Our method is based on a shift from the original collaboration networks, in which a tie indicates direct collaboration between two individuals, to networks of co-membership in collaborative subgroups, in which a tie indicates that two individuals have consistently participated in the same research groups and work circles over time. The co-membership networks aggregate and summarize the information contained in the longitudinal collaboration networks, with the goal of filtering out the noise of transient and intermittent direct collaborations, and extracting the signal of recurrent co-participation in the same scientific circuits over time. Cohesive subgroups detected in co-membership networks are less affected by temporary and random direct collaborations, and reveal groups of researchers who consistently share projects, collaborators, ideas and approaches over time, which we call research communities.

3.2. Networks and attributes of research communities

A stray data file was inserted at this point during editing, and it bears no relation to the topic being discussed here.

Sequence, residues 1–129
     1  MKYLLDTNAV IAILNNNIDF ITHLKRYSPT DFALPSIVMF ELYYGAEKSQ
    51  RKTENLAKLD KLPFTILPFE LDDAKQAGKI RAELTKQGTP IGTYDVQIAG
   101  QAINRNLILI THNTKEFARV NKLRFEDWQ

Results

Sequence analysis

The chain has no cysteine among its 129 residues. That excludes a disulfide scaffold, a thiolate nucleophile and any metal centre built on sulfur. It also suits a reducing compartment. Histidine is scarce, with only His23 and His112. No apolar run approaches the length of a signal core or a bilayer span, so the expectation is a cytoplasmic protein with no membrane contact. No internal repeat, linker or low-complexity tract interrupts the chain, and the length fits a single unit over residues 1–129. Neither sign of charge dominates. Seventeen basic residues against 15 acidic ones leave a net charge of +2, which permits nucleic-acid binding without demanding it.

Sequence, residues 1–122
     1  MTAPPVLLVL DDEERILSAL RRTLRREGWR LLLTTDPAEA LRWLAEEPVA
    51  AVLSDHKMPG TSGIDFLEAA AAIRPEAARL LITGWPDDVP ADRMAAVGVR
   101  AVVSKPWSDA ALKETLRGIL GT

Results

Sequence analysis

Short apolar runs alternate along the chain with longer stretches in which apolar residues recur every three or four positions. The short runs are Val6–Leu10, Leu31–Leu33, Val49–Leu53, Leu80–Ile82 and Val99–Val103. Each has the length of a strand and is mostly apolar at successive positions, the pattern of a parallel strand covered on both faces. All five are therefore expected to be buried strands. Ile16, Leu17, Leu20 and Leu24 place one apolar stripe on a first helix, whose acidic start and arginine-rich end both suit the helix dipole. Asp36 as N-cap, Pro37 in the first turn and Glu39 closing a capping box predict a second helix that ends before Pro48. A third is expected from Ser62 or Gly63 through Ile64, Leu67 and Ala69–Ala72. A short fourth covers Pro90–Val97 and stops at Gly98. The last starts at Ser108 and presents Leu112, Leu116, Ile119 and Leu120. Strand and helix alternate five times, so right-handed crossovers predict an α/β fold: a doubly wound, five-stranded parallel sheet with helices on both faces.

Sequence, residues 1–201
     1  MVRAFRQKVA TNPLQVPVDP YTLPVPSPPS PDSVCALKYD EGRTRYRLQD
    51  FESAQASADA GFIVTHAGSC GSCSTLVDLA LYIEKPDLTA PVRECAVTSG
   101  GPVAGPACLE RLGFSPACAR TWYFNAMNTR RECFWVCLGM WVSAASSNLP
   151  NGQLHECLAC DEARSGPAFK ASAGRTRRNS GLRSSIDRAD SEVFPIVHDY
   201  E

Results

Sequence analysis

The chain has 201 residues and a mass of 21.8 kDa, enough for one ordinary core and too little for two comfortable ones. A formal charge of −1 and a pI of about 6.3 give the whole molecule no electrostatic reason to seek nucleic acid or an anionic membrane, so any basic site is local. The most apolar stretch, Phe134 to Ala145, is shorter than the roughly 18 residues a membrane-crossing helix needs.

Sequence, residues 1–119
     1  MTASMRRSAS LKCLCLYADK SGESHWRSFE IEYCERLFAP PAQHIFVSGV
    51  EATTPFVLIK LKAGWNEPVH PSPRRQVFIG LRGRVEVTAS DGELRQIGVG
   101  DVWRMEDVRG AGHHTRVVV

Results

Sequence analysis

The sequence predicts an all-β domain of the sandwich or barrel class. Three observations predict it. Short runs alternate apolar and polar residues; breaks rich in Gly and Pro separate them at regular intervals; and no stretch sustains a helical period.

While research communities are only identified on the basis of recurrent interactions over time, with no reference to investigators’ institutional affiliations such as department or college, most communities are likely to mainly include scientists who belong to the same (or close) colleges, departments, institutes or centers. This is the case because common institutional affiliation and discipline obviously facilitate and incentivize working together in a recurrent fashion. At the same time, although most collaborations occur within the identified research communities, some collaborations also exist between investigators who belong to different communities. By construction, these cross-community collaborations are the links that connect researchers from different scientific circuits, cut across well-established groups, and span diverse work environments. Therefore, such collaborations are likely to sustain some of the most innovative, cutting-edge and interdisciplinary projects at a research university. We map these cross-community collaborations by constructing community-level networks in which nodes represent research communities and edges represent the density of collaborations between two different communities. We compute the density of collaborations between two communities, Cf and Ck, as follows (note that to avoid heavy notation, the G term referring to the co-membership network will not be written explicitly)